Wonderschool was inspired by a mom's hardwork.
Wonderschool offers quality, affordable daycare to parents, and a convenient, lucrative opportunity to caregivers.

It's no secret that childcare in the U.S. is a well-known enigma for parents and teachers alike. It’s often expensive and inconvenient for parents. And paradoxically, as a teacher, it can be notoriously hard to make a decent living.

In fact, one out of every five American families spends more than a quarter of their income on childcare. And even then, it’s not typically a lucrative business for childcare providers, many of whom stop working simply because of the cost of childcare for their own kids is almost as much as what they make.

When early childhood educators leave the workforce, other parents have even fewer options. And the unfortunate cycle worsens. That trend has deepened the lack of quality and affordable childcare in America. In some cities, parents are forced join waitlists before their children are even born in order to ensure they get a spot in a good program.

That’s where Chris Bennett, the co-founder of San Francisco, California-based Wonderschool, saw opportunity, inspired by his mother.

She was the first entrepreneur he’d ever see, preparing taxes from home, among other odd jobs. And she was a lover of education.

And then he saw that same spirit in a local Miami daycare operator.

“I remember seeing her going from renting a home to owning a home to being able to put her child in private school,” he said. “She was living the American dream, which is something a lot of educators don’t get to do.”

Borrowing from the principles of the sharing economy — the thought process and technology behind successes like Airbnb and Uber — Wonderschool came up with a solution that helps ease the demand for quality childcare while helping teachers start their own business.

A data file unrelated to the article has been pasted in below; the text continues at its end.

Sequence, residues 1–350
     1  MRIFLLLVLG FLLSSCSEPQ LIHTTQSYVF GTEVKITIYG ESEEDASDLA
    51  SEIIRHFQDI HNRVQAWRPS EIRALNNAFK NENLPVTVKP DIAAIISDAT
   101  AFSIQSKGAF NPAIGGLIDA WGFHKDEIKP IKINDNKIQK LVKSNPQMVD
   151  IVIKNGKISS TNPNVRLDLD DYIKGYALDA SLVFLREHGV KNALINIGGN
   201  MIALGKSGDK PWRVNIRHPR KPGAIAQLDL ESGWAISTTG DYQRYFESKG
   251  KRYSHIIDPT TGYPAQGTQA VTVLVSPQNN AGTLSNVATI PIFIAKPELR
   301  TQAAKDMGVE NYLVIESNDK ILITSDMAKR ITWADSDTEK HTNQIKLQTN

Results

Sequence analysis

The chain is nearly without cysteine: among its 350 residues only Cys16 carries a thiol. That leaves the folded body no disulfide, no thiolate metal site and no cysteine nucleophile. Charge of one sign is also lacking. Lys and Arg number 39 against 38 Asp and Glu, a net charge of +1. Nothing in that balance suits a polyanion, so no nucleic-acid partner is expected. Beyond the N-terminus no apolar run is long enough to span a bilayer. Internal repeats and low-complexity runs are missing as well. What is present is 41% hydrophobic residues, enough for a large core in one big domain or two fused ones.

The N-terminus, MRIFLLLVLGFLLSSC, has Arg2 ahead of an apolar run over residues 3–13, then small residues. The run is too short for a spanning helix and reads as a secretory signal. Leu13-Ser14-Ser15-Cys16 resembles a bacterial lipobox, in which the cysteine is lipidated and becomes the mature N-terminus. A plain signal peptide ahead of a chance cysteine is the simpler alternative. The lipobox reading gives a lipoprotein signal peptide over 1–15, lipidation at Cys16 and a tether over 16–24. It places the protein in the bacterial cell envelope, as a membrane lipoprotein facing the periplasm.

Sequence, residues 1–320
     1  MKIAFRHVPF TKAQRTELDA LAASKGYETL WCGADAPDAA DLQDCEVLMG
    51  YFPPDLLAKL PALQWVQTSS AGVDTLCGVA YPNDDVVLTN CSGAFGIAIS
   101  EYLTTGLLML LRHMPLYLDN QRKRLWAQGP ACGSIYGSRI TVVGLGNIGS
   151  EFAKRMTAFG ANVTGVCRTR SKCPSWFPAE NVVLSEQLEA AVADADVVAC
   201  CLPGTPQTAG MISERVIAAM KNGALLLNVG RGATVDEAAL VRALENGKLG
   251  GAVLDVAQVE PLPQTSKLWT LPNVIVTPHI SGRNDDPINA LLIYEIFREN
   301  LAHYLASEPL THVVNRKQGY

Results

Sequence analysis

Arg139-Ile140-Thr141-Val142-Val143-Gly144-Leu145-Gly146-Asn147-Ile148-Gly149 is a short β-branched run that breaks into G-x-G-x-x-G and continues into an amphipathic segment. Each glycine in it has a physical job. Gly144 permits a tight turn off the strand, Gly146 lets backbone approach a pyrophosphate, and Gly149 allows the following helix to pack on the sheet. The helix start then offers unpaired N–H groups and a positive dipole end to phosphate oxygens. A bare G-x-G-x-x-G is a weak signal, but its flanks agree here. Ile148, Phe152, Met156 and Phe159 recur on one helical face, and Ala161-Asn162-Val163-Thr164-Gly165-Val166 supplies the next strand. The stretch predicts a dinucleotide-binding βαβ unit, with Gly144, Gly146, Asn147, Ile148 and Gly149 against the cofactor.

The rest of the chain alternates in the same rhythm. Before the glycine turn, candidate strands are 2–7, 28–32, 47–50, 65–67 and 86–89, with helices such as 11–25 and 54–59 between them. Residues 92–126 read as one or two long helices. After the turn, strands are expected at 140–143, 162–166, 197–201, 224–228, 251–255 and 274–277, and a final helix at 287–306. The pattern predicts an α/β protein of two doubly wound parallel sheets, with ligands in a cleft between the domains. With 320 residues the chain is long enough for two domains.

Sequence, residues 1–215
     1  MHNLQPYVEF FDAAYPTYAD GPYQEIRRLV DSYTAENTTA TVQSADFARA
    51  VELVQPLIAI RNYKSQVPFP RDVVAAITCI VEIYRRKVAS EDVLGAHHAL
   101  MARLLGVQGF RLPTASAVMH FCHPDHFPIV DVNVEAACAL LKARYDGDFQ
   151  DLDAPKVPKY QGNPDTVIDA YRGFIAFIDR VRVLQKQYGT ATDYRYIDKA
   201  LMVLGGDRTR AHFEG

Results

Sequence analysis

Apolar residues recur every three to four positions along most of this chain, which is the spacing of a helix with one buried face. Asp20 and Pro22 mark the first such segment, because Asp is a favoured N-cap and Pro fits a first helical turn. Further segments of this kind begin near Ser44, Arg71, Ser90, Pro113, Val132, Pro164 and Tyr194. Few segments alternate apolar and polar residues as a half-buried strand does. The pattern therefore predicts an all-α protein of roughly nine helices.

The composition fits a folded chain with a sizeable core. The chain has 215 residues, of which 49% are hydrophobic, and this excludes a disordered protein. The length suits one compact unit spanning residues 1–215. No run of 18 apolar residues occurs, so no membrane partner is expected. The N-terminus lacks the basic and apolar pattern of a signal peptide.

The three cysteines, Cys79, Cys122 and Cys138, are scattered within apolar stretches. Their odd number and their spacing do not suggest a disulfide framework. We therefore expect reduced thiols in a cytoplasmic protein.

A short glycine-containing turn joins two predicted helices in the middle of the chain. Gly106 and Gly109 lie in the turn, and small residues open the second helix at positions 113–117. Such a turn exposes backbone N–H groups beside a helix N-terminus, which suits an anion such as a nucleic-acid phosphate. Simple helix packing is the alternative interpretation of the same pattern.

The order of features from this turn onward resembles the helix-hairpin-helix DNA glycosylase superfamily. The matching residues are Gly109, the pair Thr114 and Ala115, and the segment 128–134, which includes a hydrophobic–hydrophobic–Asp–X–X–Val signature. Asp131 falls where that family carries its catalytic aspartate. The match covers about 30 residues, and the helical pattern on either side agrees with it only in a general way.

‘Why can’t it work for preschool?’

Bennett realized not only is there a lot of empty space in teachers' homes that isn’t being utilized every day. But the value of amazing teachers wasn’t being fully realized, either. “We’ve seen this work for companies like Uber and Airbnb. Why can’t it work for preschool?” he said.

“People who are great early educators are not typically great business people,” he said. “When teachers negotiate with parents, they often get pummeled. They get burned. They don’t make enough money. Because of that, there is a lot of turnover. That’s where we come in.”

Wonderschool serves as a platform for qualified child care providers to make a better income by opening their own in-home daycares or preschools. Bennett and his team help with licensing, program setup, marketing and other administrative tasks that can bog down a provider. The startup also helps providers set a tuition rate, manage discounts and accept government subsidies from parents who qualify.

The benefits of in-home daycares or preschools versus traditional centers often include smaller group sizes and mixed-age groups that allow younger kids to observe and learn from older children. For many parents, it’s also reassuring to have the same person take care of their child for years, instead of transitioning to new caregivers. And if the provider needs to take time off, Wonderschool’s network help parents find backup care among its other providers.

Program directors and teachers also have access to the Wonderschool marketplace where they can also run their entire program and manage all their students and parents through a single dashboard.

Leaving an impact

Wonderschool started up in 2016. Since then, 160 teachers have signed on. And he’s reaching exactly the demographic who need it: About a third of Wonderschool’s directors were stay-at-home parents before they joined the platform. After joining, most make around double what they were making before joining the platform, Bennett said. And he hopes to continue to make a difference as the network of schools expands across the country.

It’s been a long, winding road for Bennett, who previously worked in private equity in Chicago. But ultimately he didn't feel like he fit in, and couldn’t find anyone to mentor him. It wasn’t until he moved to San Francisco where he found a “community of support” and innovative minds that wanted to make a difference.

“It’s a lot more fun when you find yourself around like-minded individuals who are also working toward leaving the impact they want to leave.

My parents placed a big value on education, and worked hard to give me the tools I needed to survive,” said Bennett. “A lot of my work ethic was taught to me by teachers who really cared, and that’s what we are fostering. If it weren’t for a quality education I don't know where I would be.”

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